Throwing computers at health care

Computerworld reports on an extensive new Harvard Medical School study, appearing in the American Journal of Medicine, that paints a stark and troubling picture of the essential worthlessness of many of the computer systems that hospitals have invested in over the last few years. The researchers, led by Harvard’s David Himmelstein, begin their report by sketching out the hype that now surrounds health care automation:

Enthusiasm for health information technology spans the political spectrum, from Barack Obama to Newt Gingrich. Congress is pouring $19 billion into it. Health reformers of many stripes see computerization as a painless solution to the most vexing health policy problems, allowing simultaneous quality improvement and cost reduction …

In 2005, one team of analysts projected annual savings of $77.8 billion, whereas another foresaw more than $81 billion in savings plus substantial health gains from the nationwide adoption of optimal computerization. Today, the federal government’s health information technology website states (without reference) that “Broad use of health IT will: improve health care quality; prevent medical errors; reduce health care costs; increase administrative efficiencies; decrease paperwork; and expand access to affordable care.”

As was true of business computing systems in general, at least until the early years of this decade, it’s been taken on faith that big IT investments will translate into performance gains: If you buy IT, the rewards will come. Never mind that, as the researchers note, no actual studies “have examined the cost and quality impacts of computerization at a diverse national sample of hospitals.”

Now, at last, we have such a study. The researchers combed through data on IT spending, administrative costs, and quality of care at 4,000 US hospitals for the years 2003 through 2007. Their analysis found no correlation between IT investment and cost savings or efficiency at hospitals and in fact found some evidence of a link between aggressive IT spending and higher administrative costs. There appeared to be a slight correlation between IT spending and care quality, in some areas, though even here the link was tenuous:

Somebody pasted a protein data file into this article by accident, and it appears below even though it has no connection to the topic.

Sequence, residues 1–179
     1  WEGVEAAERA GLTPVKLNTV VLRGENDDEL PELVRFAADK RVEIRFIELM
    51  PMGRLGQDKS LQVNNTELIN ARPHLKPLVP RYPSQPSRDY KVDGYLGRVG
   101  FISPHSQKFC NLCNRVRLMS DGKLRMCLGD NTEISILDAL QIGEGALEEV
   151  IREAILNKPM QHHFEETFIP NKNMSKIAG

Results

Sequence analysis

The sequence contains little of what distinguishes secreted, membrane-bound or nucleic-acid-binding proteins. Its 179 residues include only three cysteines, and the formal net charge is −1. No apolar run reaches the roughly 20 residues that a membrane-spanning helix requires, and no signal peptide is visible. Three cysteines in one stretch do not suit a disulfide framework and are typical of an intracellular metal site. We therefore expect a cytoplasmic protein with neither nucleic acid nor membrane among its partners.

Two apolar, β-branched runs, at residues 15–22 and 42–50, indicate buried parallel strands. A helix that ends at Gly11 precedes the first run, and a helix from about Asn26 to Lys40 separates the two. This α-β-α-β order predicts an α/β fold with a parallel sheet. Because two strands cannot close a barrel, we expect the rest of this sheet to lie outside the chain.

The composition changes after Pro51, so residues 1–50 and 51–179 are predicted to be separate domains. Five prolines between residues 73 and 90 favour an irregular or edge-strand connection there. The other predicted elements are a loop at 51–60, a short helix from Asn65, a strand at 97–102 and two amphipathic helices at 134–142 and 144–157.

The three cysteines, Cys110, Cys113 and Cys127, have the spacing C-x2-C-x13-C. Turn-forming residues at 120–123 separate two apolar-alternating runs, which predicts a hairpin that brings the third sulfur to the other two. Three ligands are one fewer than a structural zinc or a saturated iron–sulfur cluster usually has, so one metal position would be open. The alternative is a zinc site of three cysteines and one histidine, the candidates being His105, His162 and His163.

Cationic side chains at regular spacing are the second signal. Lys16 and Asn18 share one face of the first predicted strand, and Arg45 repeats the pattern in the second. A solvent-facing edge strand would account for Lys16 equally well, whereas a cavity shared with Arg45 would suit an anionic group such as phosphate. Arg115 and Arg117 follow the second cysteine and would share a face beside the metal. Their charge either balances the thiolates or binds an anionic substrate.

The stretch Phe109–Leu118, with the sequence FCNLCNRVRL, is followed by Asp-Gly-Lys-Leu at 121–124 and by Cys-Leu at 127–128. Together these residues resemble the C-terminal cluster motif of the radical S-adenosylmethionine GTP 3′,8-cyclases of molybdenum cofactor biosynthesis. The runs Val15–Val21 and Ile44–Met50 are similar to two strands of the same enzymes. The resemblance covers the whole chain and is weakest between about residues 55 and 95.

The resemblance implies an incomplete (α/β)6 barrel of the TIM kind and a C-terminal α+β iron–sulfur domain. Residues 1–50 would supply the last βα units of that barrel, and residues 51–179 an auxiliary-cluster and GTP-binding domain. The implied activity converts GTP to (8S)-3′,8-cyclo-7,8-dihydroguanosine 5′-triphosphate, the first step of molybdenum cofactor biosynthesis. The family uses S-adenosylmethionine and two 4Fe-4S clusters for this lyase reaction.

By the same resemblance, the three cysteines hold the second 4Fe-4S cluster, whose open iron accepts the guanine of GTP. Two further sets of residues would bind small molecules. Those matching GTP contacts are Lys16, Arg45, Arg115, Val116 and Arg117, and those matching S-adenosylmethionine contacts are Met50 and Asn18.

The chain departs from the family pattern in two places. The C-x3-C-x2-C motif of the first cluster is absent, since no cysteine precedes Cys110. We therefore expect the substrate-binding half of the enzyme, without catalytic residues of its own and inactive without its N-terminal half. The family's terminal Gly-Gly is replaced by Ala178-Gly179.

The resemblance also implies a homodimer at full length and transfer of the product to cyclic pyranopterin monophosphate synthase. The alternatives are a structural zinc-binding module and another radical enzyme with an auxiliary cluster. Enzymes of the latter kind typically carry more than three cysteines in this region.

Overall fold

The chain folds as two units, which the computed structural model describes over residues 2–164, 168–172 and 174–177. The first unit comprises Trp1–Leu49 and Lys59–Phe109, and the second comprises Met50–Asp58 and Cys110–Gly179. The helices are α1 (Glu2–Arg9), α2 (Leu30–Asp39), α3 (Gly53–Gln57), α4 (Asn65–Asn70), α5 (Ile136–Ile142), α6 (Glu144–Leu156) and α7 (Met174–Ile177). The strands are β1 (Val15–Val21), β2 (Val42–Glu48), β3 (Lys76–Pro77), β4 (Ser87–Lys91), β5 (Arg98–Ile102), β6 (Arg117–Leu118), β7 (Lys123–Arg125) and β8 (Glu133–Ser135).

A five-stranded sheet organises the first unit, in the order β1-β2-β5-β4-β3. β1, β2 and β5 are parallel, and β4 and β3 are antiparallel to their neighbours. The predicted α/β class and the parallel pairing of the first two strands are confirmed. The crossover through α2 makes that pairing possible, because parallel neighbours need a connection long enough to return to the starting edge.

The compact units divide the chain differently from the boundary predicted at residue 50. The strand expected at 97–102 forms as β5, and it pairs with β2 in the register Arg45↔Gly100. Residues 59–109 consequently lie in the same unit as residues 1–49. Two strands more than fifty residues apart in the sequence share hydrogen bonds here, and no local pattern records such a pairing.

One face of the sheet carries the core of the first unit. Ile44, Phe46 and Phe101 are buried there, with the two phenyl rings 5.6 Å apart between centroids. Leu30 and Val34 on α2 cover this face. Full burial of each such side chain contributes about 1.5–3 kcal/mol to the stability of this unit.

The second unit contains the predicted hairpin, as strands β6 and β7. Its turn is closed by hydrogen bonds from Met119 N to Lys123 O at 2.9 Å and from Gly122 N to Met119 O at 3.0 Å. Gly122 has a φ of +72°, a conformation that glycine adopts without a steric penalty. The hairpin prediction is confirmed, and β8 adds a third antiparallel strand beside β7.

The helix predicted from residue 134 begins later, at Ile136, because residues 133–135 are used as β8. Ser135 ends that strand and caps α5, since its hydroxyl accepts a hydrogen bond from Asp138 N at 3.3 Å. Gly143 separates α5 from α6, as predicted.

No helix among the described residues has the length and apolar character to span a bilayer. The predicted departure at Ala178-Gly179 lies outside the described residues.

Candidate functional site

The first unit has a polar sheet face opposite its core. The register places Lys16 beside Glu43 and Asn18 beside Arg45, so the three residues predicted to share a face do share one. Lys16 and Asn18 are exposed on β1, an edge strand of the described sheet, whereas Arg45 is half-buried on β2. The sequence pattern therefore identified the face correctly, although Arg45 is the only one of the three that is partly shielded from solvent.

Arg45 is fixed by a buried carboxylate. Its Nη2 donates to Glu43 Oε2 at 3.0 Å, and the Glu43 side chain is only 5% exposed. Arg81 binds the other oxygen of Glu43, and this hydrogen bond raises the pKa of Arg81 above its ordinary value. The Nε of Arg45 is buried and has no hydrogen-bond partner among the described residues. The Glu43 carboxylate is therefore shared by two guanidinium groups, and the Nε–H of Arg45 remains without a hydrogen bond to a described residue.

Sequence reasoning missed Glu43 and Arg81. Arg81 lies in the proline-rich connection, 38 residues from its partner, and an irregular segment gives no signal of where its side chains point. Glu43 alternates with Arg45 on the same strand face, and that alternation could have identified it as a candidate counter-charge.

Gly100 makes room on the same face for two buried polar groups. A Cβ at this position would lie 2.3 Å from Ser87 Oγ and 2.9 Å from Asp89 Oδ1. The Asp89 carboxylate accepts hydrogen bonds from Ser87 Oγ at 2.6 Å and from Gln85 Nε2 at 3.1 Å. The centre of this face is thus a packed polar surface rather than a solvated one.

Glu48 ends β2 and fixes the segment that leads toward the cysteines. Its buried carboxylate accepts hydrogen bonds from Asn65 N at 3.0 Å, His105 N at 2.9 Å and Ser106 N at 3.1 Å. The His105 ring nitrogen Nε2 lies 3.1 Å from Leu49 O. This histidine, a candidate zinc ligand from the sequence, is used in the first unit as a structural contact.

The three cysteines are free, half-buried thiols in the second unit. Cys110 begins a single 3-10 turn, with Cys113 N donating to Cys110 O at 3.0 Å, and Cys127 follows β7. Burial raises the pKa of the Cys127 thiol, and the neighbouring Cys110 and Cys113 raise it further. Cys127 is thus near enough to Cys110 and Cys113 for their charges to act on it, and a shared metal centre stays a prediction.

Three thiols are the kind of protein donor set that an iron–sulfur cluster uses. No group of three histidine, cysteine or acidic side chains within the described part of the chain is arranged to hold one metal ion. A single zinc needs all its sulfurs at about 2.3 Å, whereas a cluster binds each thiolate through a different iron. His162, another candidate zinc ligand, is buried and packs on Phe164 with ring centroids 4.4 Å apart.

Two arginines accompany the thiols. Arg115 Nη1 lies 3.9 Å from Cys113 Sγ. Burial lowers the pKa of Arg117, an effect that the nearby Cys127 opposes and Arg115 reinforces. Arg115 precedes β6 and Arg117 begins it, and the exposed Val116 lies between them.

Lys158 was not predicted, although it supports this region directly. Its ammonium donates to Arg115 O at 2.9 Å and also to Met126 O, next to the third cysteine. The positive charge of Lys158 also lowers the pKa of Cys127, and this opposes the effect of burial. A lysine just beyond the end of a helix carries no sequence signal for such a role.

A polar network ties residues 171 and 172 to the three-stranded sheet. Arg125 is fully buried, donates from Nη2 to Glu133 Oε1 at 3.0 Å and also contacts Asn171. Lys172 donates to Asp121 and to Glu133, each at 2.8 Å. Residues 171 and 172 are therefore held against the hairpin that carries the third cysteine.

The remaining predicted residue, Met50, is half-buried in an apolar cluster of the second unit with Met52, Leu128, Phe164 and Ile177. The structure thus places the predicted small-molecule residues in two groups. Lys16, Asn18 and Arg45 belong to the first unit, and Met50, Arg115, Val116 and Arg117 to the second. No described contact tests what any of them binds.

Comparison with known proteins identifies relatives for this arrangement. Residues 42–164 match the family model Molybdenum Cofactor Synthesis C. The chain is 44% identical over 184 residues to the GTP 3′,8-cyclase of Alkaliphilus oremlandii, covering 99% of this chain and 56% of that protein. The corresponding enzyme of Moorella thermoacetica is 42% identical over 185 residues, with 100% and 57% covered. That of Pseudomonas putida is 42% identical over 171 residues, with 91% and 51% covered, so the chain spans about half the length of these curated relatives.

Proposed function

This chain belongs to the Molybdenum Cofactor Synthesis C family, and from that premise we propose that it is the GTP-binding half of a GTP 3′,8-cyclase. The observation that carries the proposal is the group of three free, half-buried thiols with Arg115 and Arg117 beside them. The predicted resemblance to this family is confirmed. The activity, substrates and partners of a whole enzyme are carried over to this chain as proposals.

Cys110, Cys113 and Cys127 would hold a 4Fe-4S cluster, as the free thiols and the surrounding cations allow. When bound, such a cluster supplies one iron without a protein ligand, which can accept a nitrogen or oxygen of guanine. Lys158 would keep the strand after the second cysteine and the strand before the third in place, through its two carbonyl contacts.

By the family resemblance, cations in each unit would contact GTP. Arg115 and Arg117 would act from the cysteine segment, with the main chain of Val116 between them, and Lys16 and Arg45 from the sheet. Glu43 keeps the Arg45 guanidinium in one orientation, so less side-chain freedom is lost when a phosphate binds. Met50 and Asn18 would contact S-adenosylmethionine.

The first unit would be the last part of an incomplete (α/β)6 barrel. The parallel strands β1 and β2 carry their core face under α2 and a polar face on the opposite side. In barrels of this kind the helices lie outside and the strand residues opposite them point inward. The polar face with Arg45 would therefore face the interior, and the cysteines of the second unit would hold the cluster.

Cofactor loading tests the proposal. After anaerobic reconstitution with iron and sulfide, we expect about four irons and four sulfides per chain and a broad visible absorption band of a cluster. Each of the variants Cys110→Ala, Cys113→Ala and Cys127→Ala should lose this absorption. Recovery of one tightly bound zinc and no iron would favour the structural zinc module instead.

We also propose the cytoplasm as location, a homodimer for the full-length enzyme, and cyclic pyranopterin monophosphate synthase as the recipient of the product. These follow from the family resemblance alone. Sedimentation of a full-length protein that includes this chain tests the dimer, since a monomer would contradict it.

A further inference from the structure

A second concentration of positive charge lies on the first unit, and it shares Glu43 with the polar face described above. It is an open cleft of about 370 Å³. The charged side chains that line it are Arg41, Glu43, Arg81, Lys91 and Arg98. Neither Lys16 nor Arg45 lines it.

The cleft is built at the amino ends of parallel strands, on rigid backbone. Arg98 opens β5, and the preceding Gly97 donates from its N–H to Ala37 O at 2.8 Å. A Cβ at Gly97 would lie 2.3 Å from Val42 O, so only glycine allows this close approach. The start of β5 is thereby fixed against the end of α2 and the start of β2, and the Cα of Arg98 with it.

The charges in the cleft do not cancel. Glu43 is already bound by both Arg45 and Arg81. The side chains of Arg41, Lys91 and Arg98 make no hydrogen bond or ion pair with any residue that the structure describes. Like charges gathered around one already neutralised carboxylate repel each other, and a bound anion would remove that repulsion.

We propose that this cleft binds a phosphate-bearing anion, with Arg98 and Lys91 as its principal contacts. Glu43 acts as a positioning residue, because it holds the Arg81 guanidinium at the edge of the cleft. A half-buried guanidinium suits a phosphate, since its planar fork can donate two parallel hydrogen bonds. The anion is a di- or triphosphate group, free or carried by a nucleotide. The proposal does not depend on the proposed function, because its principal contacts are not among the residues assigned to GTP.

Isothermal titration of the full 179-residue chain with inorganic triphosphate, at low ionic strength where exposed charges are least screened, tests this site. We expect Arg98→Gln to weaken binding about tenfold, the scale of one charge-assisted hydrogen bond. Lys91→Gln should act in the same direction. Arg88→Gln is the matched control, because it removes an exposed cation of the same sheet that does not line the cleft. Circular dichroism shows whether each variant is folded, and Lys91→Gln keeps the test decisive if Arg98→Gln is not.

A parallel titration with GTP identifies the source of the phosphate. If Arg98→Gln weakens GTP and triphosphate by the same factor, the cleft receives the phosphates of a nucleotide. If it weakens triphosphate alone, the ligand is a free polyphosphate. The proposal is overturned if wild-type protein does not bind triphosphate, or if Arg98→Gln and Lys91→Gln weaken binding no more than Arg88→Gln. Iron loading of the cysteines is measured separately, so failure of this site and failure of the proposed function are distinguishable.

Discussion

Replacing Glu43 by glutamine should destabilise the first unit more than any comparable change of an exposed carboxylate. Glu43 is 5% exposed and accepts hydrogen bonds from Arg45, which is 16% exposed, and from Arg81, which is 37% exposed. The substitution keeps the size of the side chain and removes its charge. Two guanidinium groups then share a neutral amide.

We found no evidence that computerization has lowered costs or streamlined administration. Although bivariate analyses found higher costs at more computerized hospitals, multivariate analyses found no association. For administrative costs, neither bivariate nor multivariate analyses showed a consistent relationship to computerization. Although computerized physician order entry was associated with lower administrative costs in some years on bivariate analysis, no such association remained after adjustment for confounders. Moreover, hospitals that increased their computerization more rapidly had larger increases in administrative costs. More encouragingly, greater use of information technology was associated with a consistent though small increase in quality scores.

We used a variety of analytic strategies to search for evidence that computerization might be cost-saving. In cross-sectional analyses, we examined whether more computerized hospitals had lower costs or more efficient administration in any of the 5 years. We also looked for lagged effects, that is, whether cost-savings might emerge after the implementation of computerized systems. We looked for subgroups of computer applications, as well as individual applications, that might result in savings. None of these hypotheses were borne out. Even the select group of hospitals at the cutting edge of computerization showed neither cost nor efficiency advantages. Our longitudinal analysis suggests that computerization may actually increase administrative costs, at least in the near term.